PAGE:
Airlines worldwide are expected to post a higher combined profit of $US12.7 billion in 2013, in what will be their third-best year since 2001 when terrorist attacks in the United States crippled the industry.
Despite the better outlook, the International Air Transport Association emphasised carriers were still operating on thin profit margins of 1.8 per cent - $US4 per passenger, or not much more than the price of a cup of coffee in Australia.
The latest outlook from the association is an improvement of $US2.1 billion on March when it was forecasting a combined profit of $US10.6 billion.
The IATA has attributed the better outlook to airlines boosting revenue from ancillary services and better capacity utilisation. Airlines are filling just more than 80 per cent of seats on their planes, a record high.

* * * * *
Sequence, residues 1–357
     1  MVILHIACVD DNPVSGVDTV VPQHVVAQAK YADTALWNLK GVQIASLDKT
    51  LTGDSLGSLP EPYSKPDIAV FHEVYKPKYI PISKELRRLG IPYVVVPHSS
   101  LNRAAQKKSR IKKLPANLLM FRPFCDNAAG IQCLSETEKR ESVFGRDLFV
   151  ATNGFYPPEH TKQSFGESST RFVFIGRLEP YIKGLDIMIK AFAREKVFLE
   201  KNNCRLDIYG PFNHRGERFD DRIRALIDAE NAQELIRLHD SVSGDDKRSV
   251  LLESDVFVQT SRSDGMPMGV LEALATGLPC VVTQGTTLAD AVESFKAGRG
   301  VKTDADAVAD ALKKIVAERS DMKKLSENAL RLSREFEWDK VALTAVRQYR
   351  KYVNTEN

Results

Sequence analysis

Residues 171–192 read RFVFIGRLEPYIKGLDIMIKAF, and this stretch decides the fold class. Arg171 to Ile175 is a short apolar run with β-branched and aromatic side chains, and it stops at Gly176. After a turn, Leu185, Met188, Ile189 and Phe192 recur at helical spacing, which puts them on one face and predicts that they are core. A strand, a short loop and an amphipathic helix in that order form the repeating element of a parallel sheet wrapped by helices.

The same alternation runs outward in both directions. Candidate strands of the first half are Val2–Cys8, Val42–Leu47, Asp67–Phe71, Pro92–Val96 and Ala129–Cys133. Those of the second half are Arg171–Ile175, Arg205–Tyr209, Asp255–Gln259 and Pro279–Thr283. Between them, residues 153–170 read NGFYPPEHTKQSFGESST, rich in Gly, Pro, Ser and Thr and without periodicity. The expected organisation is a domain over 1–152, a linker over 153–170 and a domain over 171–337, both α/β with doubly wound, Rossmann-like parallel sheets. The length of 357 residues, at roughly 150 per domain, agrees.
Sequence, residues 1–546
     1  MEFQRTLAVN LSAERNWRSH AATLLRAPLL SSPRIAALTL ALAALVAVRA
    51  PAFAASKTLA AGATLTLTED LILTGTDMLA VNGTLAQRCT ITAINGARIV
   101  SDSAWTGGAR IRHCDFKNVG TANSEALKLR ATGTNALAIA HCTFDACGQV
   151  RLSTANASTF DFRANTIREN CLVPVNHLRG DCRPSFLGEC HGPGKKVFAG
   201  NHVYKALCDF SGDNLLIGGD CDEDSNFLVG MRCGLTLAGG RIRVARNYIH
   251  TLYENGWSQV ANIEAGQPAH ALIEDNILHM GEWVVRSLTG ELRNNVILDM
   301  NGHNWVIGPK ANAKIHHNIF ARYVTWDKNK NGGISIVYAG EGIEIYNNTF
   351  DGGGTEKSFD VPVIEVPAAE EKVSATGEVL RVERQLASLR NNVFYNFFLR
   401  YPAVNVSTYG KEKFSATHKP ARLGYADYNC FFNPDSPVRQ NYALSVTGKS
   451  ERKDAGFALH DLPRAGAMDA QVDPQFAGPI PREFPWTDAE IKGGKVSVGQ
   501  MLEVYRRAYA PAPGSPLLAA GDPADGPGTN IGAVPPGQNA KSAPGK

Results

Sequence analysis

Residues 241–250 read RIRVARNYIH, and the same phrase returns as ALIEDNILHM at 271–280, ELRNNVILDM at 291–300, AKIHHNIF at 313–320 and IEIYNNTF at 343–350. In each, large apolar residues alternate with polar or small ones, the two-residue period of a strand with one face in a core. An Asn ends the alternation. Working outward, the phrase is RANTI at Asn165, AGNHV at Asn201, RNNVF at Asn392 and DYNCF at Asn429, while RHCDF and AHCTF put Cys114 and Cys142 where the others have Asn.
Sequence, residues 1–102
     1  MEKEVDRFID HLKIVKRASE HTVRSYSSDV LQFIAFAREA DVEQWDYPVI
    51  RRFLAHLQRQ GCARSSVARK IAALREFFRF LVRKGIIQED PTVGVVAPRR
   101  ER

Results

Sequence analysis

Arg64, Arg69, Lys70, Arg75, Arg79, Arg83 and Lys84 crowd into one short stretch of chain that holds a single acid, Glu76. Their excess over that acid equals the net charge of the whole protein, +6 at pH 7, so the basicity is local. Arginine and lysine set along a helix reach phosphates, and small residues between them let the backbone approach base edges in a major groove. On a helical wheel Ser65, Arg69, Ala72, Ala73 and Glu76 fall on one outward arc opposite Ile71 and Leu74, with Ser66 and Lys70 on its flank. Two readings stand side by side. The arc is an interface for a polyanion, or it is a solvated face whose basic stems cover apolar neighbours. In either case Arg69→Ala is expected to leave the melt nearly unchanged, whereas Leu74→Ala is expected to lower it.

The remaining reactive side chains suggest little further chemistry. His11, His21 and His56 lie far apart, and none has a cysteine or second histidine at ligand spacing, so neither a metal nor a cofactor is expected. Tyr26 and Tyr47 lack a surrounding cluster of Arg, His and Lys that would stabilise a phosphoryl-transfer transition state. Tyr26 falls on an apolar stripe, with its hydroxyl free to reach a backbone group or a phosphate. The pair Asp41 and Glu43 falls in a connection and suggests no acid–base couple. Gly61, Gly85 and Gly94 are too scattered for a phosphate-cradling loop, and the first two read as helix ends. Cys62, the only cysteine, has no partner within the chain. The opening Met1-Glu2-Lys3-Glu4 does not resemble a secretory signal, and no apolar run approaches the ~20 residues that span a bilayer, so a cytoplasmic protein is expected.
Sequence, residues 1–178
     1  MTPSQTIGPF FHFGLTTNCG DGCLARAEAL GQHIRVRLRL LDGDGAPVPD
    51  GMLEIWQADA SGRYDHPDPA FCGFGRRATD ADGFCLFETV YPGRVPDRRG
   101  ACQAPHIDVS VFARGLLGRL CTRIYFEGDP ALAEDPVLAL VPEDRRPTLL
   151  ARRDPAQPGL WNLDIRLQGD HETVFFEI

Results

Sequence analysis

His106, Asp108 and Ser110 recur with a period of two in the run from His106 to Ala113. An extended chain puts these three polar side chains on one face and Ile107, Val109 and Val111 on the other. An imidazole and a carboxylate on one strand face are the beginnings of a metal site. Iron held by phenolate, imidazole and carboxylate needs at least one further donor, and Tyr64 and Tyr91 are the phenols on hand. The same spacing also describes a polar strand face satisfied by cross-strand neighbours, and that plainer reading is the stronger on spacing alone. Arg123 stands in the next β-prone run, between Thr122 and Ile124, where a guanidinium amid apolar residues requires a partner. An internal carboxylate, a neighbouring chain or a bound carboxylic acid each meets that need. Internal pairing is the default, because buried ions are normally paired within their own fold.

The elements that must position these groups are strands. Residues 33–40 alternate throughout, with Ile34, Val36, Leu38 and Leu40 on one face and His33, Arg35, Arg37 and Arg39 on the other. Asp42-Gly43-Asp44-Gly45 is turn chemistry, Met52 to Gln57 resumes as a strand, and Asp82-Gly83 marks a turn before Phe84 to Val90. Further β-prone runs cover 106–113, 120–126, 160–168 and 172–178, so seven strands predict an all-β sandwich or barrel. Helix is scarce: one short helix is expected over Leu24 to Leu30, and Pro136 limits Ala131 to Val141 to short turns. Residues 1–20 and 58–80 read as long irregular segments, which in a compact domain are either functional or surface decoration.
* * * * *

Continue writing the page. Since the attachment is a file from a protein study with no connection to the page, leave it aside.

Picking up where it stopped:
Weaker oil prices are also helping, expected to average $US108 a barrel this year, compared with almost $US112 a barrel in 2012.
While passenger traffic is improving, the cargo market is depressed due to weak demand in developed countries, particularly Europe.
Airlines in the Asia-Pacific region are again the leaders in profitability. The region is expected to post a combined profit of $US4.6 billion this year, up $200 million from IATA's previous forecast in March.
Despite the stronger forecast, IATA chief executive Tony Tyler said the challenges of keeping revenues ahead of costs "remain monumental". "Many airlines are struggling. But there is a core of airlines that are driving profits with solid performance," he said at IATA's annual meeting in Cape Town.